Quint drinks a can of Narragansett in “Jaws.” Bluenote was the name of the horse that wins the fourth race at Narragansett Park in “The Sting.” Miss Rhode Island wins the Miss America crown in “Miss Congeniality,” and when pageant host William Shatner asks her to describe her idea of a perfect date, she says “April 25, because it’s not too hot, not too cold.”
These are a few of the sterling Rhode Islandisms in Hollywood films. Despite the best efforts of the Farrelly Brothers, and the fine work of some exceptional actors – including Richard Jenkins and Viola Davis – the Ocean State still comes up a bit short on the Silver Screen. More movies are being made here, but few of them have been very good, so Rhode Islanders have contented themselves with lapping up appetizers of scenery or Rhody references while mostly cringing at the dialogue and plot contrivances.
But that could change in May, when the quirkiest of film directors, Wes Anderson, opens the Cannes Film Festival with a new movie filmed in the quirkiest of states, Yours Rhody.
“Moonrise Kingdom,” featuring a stellar cast (Edward Norton, Francis McDormand, Bill Murray, Bruce Willis, Tilda Swinton, Jason Schwartzman, Harvey Keitel and Bob Balaban), tells the story of a 12-year-old boy and girl in a New England village, circa 1965, who fall in love, make a secret pact and escape together on the eve of a impending storm, with the villagers in pursuit. If the trailer is a true indication of the film’s verbal wit and visual enchantment, “Moonrise” may end up being the movie that stamps Rhode Island in the minds of film buffs in the manner of Martha’s Vineyard in “Jaws” and coastal Scotland in “Local Hero.” Much of it was filmed at the South Kingstown Land Trust conservation easement Bayfield Farm, and advance scenes suggest that Anderson has captured the fairy-tale atmosphere of its sloping fields and tangled woods.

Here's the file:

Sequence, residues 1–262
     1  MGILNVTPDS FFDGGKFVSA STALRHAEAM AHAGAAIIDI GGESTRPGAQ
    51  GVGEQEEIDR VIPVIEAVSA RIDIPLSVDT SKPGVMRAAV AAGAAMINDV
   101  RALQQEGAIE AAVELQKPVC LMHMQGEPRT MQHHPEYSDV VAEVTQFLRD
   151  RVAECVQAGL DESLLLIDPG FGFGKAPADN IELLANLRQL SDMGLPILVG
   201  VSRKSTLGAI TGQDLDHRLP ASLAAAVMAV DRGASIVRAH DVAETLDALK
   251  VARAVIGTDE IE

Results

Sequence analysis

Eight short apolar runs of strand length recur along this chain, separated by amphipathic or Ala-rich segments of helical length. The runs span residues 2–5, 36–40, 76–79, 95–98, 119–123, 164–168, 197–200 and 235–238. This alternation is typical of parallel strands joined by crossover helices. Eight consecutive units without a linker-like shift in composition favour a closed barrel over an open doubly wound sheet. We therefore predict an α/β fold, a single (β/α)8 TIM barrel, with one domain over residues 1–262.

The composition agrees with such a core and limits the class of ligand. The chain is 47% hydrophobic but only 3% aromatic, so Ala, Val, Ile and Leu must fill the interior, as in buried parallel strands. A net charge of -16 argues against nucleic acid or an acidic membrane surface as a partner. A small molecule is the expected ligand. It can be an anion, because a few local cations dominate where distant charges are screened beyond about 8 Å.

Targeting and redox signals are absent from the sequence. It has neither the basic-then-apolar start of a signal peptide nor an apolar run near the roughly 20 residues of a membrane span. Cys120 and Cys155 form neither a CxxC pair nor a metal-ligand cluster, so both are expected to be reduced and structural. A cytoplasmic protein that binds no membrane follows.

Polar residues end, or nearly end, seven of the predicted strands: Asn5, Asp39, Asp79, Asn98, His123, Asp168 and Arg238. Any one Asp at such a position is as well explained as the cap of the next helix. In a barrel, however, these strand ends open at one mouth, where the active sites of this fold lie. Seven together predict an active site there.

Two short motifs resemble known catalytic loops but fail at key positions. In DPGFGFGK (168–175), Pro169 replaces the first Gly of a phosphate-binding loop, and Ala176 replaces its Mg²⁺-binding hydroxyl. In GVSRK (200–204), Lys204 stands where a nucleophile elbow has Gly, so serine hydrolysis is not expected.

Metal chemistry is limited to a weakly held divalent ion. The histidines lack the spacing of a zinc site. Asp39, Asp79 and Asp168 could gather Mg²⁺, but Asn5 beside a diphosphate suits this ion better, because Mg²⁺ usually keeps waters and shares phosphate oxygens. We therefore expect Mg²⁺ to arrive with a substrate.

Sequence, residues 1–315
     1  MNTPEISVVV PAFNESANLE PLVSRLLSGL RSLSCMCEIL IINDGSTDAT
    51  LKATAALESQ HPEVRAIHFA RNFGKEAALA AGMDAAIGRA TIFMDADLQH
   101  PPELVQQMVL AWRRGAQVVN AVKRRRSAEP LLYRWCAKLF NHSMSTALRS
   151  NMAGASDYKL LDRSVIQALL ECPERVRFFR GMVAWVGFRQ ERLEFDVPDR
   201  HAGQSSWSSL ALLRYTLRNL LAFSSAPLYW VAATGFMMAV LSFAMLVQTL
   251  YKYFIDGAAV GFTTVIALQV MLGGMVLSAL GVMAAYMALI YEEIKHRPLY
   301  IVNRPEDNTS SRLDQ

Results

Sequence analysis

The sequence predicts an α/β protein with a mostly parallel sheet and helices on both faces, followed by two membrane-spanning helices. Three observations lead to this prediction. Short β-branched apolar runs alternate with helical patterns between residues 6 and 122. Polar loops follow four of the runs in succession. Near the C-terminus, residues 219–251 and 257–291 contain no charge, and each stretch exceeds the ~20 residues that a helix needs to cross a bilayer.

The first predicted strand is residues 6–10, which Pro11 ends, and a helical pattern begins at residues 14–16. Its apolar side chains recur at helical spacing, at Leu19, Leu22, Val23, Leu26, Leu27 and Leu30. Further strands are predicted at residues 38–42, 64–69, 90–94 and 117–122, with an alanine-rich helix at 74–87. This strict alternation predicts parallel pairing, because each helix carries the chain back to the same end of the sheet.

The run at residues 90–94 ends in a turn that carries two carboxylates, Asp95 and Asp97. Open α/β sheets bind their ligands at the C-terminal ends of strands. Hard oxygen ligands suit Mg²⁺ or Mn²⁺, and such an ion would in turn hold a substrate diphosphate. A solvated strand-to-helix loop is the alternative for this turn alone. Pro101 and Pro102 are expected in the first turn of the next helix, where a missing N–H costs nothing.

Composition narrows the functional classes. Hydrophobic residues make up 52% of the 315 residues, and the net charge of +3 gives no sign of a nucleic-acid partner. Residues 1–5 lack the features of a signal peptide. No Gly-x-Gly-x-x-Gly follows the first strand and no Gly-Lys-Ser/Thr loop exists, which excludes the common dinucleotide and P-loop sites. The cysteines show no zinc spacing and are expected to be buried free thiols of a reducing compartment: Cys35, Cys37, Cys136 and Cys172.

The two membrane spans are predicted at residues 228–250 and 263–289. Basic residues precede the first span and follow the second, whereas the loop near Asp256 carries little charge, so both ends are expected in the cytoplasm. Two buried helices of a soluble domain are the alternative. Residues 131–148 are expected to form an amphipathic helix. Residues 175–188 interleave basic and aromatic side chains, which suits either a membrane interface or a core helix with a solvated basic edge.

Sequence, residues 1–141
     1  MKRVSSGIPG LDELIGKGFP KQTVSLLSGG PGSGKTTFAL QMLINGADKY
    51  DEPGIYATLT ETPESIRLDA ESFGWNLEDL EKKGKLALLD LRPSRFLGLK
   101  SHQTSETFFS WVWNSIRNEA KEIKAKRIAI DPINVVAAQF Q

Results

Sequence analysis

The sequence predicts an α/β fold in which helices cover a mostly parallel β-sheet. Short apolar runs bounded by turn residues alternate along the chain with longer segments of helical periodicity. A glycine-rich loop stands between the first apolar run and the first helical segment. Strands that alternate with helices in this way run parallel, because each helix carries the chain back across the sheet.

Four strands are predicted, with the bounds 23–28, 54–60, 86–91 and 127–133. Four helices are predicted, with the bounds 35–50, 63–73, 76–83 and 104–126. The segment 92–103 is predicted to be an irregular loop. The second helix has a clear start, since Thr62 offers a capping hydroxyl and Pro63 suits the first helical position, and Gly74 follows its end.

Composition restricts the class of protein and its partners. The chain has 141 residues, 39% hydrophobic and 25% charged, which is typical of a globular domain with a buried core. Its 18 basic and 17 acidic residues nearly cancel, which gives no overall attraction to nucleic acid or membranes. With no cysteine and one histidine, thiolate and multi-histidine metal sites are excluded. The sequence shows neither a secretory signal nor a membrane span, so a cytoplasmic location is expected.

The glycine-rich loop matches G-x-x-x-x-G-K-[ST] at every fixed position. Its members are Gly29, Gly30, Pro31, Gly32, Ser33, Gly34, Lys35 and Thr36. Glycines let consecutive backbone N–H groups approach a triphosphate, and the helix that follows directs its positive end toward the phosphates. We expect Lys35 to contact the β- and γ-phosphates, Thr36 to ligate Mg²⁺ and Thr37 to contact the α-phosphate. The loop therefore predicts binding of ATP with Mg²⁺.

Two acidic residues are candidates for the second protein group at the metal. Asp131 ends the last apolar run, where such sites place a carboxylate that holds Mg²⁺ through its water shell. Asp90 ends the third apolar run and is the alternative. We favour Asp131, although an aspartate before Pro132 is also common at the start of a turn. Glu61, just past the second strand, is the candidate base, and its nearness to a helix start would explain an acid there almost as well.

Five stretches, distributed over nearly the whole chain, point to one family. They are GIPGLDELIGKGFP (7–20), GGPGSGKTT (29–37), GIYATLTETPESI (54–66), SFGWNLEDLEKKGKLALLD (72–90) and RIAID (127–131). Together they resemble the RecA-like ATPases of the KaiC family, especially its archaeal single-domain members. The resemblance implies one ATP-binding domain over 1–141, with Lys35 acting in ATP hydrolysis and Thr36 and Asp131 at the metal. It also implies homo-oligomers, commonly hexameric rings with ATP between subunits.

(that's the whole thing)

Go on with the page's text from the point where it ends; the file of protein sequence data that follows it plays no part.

Leading us to this week's question: What Rhode Island location would you like to see filmed in a movie?
Rhody Universe: Soupy Sales
Last December I wrote an article about the art of making soupy, a family tradition in the villages of Westerly that originated in parts of Italy in which spicy sausages are made before Christmas, hung over winter, and distributed to kin and close friends around Easter. The article, posted on our Web site, prompted an e-mail from a reader, who wondered how to acquire soupy, which he had enjoyed years ago. I passed on a couple of suggestions – Ritacco’s Market, Dipollino’s Packing Co. – and didn’t hear from him again until recently. He’s having his bathroom remodeled and talked to “the guy that is putting in the flooring.” Turns out the flooring guy goes to Westerly every year to make soupy. So now he has a soupy source. The universe that is Rhode Island works in mysterious ways.